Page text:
Australia keeping an eye on secret Chinese space plane

There’s a deadly war-game unfolding above our heads right now with China and the US almost simultaneously launching space planes which can interfere with low orbit satellites.

And one Australian company which is monitoring the space plane otbits in real time says their potential can be devastating.

A high-stakes 3d chess game is already underway. The pawns – small satellites – are in place. But now all eyes are on two “knights” – Chinese and US space planes – as they begin to manoeuvre for advantage.

The United States Space Force launched its reusable Boeing X-37B space plane on December 29. It’s been boosted into “higher orbits”. And this, the type’s seventh flight, is one of its most secret yet.

China launched its reusable space plane –  the Shenlong (Divine Dragon) – a fortnight earlier. This is the type’s third flight. And it’s flying among Low Earth Orbit’s (LEO) far busier space lanes (LEO).

Both have attracted global attention, with military, commercial and amateur operations all watching for what happens next.

“There’s no hiding in space,” says managing director of LeoLabs Australia Terry van Haren. “It’s all observable to anyone who has the suitable sensors.”

LeoLabs activated its new radar system in Western Australia early last year. It’s now part of a 10-radar global network tracking the trajectories of satellites and debris so commercial operators can safely navigate the increasingly congested orbits.

“We can see what’s happening in Low Earth Orbit because that’s where radar is dominant,” he explains. “But activity in higher orbits can be tracked with specialised optical telescopes. ExoAnalytics, a US commercial company, has 400 of these deployed worldwide, with 11 sites in Australia.”

That usually puts the antics of the Boeing X-37B outside LeoLabs’ reach, until it enters a highly elliptical orbit that passes through LEO.

“Our radars are here to catch the big picture,” van Haren says. “Obviously, we’re not just tracking the space planes, but also everything else in LEO that flies over this area. It’s very high volume, low latency, precision tracking information”.

But the Shenlong is attracting attention because of the secrecy surrounding its missions and its potential for espionage and space combat.

“This year is going to be a very interesting year in space as it is on Earth,” says van Haren, a former Royal Australian Air Force fighter pilot and commander.

“Strategic competition is always there. As is commercial competition. But people forget how fragile this environment is, and what the consequences of collision look like. Things can get out of control very, very quickly. And it will end up producing a set of circumstances that is very degrading for space flight”.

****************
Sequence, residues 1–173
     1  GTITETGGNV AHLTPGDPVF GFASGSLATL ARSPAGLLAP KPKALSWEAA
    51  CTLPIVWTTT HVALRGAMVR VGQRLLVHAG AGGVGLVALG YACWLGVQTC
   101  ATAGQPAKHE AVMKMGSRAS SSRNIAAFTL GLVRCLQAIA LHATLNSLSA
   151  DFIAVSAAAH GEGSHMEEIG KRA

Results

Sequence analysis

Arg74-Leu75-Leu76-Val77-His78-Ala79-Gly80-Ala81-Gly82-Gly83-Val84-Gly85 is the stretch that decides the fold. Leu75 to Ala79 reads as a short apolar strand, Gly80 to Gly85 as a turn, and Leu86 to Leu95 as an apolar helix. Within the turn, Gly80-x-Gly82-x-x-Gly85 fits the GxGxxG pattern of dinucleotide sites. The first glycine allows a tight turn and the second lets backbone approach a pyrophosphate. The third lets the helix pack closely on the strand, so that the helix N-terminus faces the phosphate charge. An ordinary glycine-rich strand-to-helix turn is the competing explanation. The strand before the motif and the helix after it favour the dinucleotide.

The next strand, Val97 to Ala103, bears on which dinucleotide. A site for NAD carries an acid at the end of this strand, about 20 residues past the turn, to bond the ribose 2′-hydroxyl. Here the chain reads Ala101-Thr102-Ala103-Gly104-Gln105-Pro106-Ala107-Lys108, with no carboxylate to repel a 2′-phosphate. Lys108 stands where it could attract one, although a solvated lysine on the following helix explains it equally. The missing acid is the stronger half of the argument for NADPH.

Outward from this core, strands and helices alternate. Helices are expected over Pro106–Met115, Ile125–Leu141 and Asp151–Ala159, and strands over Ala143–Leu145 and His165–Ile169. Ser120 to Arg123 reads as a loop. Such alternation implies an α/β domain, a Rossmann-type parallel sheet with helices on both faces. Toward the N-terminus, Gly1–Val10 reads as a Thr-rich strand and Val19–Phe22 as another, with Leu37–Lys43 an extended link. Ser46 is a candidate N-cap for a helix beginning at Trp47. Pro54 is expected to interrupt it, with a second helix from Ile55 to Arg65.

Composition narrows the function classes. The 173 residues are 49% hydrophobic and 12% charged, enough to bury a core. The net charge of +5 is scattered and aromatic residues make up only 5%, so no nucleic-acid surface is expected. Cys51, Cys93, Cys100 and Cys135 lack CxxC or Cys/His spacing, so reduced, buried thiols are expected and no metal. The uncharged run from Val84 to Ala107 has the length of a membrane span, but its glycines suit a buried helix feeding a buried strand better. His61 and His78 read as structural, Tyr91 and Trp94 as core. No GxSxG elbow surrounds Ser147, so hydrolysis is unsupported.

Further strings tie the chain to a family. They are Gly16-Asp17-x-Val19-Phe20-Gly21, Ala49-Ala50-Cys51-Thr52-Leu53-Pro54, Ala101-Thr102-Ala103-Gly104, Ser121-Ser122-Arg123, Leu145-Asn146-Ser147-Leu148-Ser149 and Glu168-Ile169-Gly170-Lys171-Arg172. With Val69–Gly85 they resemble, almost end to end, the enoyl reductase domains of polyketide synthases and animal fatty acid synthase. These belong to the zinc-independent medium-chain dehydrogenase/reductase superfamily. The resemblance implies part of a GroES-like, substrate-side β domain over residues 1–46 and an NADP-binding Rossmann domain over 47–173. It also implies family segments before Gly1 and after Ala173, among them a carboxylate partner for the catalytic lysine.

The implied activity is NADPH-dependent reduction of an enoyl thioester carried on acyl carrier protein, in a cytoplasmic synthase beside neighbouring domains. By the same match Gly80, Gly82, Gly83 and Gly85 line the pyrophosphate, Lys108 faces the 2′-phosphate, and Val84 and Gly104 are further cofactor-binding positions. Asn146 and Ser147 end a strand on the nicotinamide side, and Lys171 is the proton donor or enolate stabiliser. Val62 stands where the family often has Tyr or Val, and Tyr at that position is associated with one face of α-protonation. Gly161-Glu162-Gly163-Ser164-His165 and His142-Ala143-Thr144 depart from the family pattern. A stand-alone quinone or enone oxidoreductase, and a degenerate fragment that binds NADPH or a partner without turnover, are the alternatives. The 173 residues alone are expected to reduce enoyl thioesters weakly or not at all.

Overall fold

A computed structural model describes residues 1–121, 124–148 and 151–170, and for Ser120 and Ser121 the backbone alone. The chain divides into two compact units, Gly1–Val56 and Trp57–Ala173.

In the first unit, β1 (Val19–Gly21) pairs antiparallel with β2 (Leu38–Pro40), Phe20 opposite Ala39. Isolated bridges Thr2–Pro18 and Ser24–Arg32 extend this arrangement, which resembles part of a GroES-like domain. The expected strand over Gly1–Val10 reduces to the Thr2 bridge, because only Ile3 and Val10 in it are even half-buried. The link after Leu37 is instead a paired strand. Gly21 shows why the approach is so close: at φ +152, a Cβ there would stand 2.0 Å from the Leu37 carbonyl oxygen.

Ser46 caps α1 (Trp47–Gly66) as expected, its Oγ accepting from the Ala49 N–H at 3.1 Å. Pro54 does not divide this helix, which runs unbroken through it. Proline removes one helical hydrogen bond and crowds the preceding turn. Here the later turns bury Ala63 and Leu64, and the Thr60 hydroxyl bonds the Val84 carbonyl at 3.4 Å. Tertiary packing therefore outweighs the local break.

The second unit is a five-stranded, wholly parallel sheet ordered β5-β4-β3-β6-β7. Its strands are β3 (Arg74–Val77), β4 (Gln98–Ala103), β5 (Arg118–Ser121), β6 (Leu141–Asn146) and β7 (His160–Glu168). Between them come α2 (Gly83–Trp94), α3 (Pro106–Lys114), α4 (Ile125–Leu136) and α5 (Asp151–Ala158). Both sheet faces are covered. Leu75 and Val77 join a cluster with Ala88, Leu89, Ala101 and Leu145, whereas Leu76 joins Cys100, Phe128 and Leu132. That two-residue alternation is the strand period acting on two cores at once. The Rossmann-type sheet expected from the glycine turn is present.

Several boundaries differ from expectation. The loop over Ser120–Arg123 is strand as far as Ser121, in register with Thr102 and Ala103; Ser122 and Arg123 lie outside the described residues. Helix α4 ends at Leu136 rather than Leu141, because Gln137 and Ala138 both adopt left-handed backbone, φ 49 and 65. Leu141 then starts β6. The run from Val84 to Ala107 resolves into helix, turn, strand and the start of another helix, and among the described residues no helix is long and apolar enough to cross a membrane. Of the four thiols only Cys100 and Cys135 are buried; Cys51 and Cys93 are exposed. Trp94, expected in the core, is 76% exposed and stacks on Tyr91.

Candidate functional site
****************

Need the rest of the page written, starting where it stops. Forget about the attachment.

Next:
That’s why the Shenlong is being watched closely since its launch on December 14.

Us space plane 1
US Space Command Picture of the X-37B preparing for launch: (Image: USSF)

“We did see a number of objects that were co-planar with the space plane –  that came from the same launch,” says van Haren. “The bigger objects were the discarded rocket body and space plane. But there were reports some of the smaller objects were transmitting. Some of those have since gone quiet. Others have had their orbits decay.

“But this is the kind of evidence we need to work out what these things are and establish a pattern of behaviour.”

In the month since the launch, the Shenlong has made only minor adjustments to its orbit – following in the footsteps of earlier test flights.

“We’re doing a lot of comparisons between these flights,” van Haren explains. “Is this an experimental mission? Or is it the first operational flight of a fully functioning system? We’re going to watch and see. We have to expect the unexpected.”

Near miss in space

As tensions over China’s borders with India, Taiwan, Japan, the Philippines, Vietnam, South Korea, Malaysia and Indonesia continue to rise, access to space will become an increasingly precious – and fragile – asset.

“Space warfare is like a chess game,” van Haren says. “You deploy your pawns – small satellites – first. You put them in strategically important positions. And you leave them there until they’re needed. That’s happening as we speak. And in all orbits.”

But the advent of space planes has raised the stakes.

“I would say a space plane is a knight, or bishop – or a castle,” he adds. “Something that can move across the whole board very quickly and potentially do a lot of damage.”

Van haren
Terry van Haren

Space planes provide a multi-role, multi-orbit capability. Multi-role because it can carry whatever payload fits in its mission bay. And multi-orbit because it can quickly shift to different orbits and close in on another spacecraft.

“You no longer have to be co-orbital (launched into the same orbit) to be a potential threat,” van Haren explains.

But the fallout of space combat – as with civilian and corporate carelessness – could be devastating.

“The fact is we’re talking about a global commons, a precious resource. It’s something that can never be divided between civil, commercial and military operations,” says van Haren. “If things all go pear-shaped due to safety problems or conflict, the simple fact is every human on Earth will be affected.

“You wouldn’t be able to rely on your space-based systems (GPS, internet banking, etc) being there every day. It can be taken away in a heartbeat.

“And we’re not talking about losing access for weeks, months or years – as with the temporary shipping crisis in the Gulf of Aden. We’re talking decades, potentially tens of decades, for the higher orbits. So our grandchildren, and their grandchildren, can be affected by the things going on today.”

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